The 2018 World Cup is well and truly underway, with the first round of fixtures for each group nearly complete. In a tournament that will so far be remembered for controversy around VAR and the subsequent proliferation of penalties awarded, there has been some shocks. International heavyweights Germany, Brazil and Spain all failed to win their opening games, with the Germans losing their opener. This article will look at how the four favourites to win the tournament (Spain, France, Germany and Brazil) have fared so far.
Spain kicked off their World Cup campaign against Euro 2016 winners Portugal, which was undoubtedly the most entertaining game of the World Cup so far. A Cristiano Ronaldo hat-trick denied newly appointed boss Fernando Hierro a victory in his first game in charge of the 2010 World Cup champions.
Despite the failure to secure three points in their first game, it can be said that Spain were very impressive. Their attacking combinations were almost frightening at times, with Isco, Iniesta and David Silva linking up to great effect. This coupled with the fact that Diego Costa looks in great form, netting twice in the 3-3 draw, makes Spain a potentially deadly attacking force.
However, although Hierro’s team’s were brilliant going forward, it cannot be ignored that they made defensive mistakes that led to them conceding goals. Questions will be asked of right-back Nacho, who despite his wonderful goal, clumsily brought down Ronaldo for Portugal’s penalty. Nacho may find himself out of the starting line-up for Spain’s next game against Iran, with Dani Carvajal nearing a return to fitness. Hierro will also have to make a decision regarding goalkeeper David De Gea, who made an uncharacteristic mistake for Ronaldo’s second goal. Despite a few defensive worries, Spain still look to be a formidable force with their attacking talent, who probably impressed the most in forward areas out of all the favourites to win Russia 2018.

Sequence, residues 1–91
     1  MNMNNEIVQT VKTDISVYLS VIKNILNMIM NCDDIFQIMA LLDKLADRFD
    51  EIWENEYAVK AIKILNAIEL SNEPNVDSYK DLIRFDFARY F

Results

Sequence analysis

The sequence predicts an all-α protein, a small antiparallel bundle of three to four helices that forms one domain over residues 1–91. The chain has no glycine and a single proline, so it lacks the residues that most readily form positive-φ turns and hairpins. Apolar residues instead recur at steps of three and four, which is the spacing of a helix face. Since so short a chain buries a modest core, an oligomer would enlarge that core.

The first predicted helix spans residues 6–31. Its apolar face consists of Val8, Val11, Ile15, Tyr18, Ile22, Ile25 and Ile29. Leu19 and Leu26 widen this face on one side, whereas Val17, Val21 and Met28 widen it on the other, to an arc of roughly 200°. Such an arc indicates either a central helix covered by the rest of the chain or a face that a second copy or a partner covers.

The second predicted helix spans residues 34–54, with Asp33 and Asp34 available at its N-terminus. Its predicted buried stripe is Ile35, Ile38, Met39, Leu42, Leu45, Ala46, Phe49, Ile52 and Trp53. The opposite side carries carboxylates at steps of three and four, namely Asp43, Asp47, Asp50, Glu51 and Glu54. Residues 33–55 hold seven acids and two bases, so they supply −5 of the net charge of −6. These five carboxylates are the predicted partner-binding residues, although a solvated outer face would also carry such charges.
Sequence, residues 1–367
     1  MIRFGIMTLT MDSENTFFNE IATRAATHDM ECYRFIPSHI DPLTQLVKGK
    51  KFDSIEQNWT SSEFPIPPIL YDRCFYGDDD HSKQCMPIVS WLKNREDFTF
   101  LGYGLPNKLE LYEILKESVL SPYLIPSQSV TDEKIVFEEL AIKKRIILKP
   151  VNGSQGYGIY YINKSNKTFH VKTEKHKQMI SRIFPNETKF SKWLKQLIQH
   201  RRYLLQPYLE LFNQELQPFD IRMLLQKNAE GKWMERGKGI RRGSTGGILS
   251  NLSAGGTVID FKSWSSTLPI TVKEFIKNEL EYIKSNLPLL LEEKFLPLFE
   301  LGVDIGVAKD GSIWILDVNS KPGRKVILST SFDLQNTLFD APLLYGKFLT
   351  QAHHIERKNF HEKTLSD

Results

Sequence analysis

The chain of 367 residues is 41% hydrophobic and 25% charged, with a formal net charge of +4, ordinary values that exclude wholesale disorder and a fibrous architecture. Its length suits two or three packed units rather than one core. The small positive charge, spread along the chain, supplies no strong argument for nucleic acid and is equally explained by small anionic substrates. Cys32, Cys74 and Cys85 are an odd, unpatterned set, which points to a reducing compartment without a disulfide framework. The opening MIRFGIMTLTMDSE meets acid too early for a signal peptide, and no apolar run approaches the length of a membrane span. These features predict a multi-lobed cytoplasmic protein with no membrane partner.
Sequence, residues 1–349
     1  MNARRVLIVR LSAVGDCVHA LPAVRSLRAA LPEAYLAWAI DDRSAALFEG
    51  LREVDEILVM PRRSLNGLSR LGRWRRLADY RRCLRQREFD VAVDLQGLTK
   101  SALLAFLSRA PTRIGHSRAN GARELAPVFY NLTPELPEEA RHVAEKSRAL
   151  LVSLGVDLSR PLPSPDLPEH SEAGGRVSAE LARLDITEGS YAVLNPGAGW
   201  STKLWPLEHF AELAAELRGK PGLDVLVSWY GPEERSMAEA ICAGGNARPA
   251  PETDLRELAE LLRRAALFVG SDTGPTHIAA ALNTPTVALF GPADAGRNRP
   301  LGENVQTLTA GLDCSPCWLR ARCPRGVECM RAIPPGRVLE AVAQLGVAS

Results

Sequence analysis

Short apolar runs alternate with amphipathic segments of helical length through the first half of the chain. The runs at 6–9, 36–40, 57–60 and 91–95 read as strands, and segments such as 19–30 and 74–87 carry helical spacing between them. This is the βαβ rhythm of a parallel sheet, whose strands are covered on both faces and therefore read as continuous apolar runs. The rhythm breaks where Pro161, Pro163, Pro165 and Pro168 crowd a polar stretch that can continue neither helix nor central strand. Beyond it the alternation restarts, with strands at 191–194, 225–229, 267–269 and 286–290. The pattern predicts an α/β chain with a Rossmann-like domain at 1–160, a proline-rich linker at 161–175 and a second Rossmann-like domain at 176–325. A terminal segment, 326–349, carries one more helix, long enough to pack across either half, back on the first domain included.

If you just look at the results of the four main contenders for World Cup glory, it may be said that France had the strongest start to Russia 2018. Didier Deschamps’ side ran out 2-1 winners against a spirited Australia team on Saturday, courtesy of a penalty awarded by VAR which was converted by Antoine Griezmann and a freakish own goal from Aziz Behich of Australia.
Les Bleus were far from convincing, however. In an attacking sense, there was a lack of cohesion within the team. A front three of Antoine Griezmann, Kylian Mbappé and Ousmane Dembélé failed to link-up as Deschamps would have hoped. Although this trio clearly have bundles of talent, it may aid France going forward if they include Olivier Giroud in the team at the expense of Mbappé or Dembélé, especially against sides like Australia who are likely to defend deep.